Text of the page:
Chromecast and Xojo

Has anybody tried to drive a Chromecast from a xojo web app?

I’ve had a look at the API before for this.

Thinking it has to be a Web App through Chrome. To make Xojo work with it, wondering if the WebSDK is what’s needed to make this happen(?)

Very interested to see what I can/can’t do with the ChromeCast…

[quote=87519:@Patrick Delaney]Very interested to see what I can/can’t do with the ChromeCast…

From Chrome browser, you can cast to the device. You might need an app from the Chome App Store. But that casting is basically screen casting. It’s not telling the Chromecast to run its own session.

From what I can see on the Chromecast site, it works by mirroring the content of Chrome. So a web app should work.

Sure, but casting any Chrome tab works and therefore Xojo WebApps cast.

But, if you can access the ChromeCast API from within a Xojo webapp doesn’t that open up a whole other world of possibilities?

Haven’t looked in depth though…

Chromecast API is java based (not to be confused with javascript). The sender app can be anything which can load Java, or uses special libraries to load Java (ie iOS). The only way a webapp would work is when loaded in a Chrome browser using chrome API to interact.

Chromecast is a weird beast because the worst it works for is receiving “casts” from other devices. The best way it works is not as obvious for most: By connecting itself and asking for the content to play.

I assume you don’t want casting but a proper chromecast implementation. This means you want the chromecast to essentially run what is called a receiver interface. With these you can have a remote application (a web application, a xojo application, etc.) that talks to chromecast and asks it to play stuff. While you’re doing this what the chromecast is showing (and also while the video is being played) is a styled interface that can either be based off one of Google’s own templates or be a custom receiver.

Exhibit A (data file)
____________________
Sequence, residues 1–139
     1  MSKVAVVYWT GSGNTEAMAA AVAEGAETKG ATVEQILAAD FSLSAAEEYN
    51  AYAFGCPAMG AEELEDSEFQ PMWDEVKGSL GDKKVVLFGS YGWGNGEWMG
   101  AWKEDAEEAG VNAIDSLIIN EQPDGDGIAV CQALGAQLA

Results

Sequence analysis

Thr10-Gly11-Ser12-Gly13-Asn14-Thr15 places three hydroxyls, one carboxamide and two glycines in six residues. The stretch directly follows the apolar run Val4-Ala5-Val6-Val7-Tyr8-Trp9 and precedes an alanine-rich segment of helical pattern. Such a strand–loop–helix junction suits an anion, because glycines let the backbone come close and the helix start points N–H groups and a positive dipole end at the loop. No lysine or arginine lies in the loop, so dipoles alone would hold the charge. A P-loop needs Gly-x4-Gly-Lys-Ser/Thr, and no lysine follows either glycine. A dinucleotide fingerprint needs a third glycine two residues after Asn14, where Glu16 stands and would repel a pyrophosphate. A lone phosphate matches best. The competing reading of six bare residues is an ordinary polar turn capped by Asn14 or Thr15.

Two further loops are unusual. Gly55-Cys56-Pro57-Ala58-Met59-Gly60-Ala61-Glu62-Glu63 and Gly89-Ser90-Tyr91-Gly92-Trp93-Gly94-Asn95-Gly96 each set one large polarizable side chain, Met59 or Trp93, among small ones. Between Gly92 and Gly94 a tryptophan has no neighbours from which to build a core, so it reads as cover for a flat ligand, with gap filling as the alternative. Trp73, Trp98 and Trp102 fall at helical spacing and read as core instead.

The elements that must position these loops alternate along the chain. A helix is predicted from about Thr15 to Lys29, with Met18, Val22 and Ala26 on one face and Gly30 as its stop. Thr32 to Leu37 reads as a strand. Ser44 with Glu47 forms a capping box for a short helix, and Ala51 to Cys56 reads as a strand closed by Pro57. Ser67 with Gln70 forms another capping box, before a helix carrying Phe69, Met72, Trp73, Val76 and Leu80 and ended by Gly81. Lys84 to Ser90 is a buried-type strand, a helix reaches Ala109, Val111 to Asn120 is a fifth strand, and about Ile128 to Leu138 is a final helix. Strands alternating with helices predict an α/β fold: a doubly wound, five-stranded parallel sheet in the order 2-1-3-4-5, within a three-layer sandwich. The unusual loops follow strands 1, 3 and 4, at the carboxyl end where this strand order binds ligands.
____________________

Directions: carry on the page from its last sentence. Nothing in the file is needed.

A custom receiver interface does not run on java. It runs under html and javascript. It uses Google’s Receiver API, which is javascript.

So, if you wanted to use chromecast with Xojo you’d have to develop your application and do the chromecast part separately. And have the chromecast receiver speak to your application through an API of your making.

More info:

Receiver Applications:
Styled Receiver (essentially a CSS file that re-uses the templates from Google adding customisation):
(the app needs to be registered first here: )
Custom Receiver (your own “app” running in Chromecast, html+javascript):

BIG CAVEAT: If you go the Custom Receiver way, you need to register with Google, host your app in an https server and go through the internet. The Styled Receiver may be more flexible in this respect and, thus, a more suitable option.

small caveat: Any route requires a registration to the Google Cast SDK web, which costs $5.

In the end, you’ll essentially need to develop two apps, as the cast one can be considered one unto itself (even if you run it within your xojo app).

Here’s a summarised checklist:

I know how chromecast works, I’ve implemented it a number of times…html/javascript version is not as “robust” as the javascript implementation…but if you want an html/javascript implementation…here’s a demo I threw together…paste the code in two html documents…fill in the spots marked namespace and ID…put them on a server and browse to them…(then run an applet version to see the difference in quality of Javascript vs. Java :slight_smile: ) I just tested the demos I’m pasting below…they work.


<html data-cast-api-enabled="true">
		<title>Chrome Sender</title>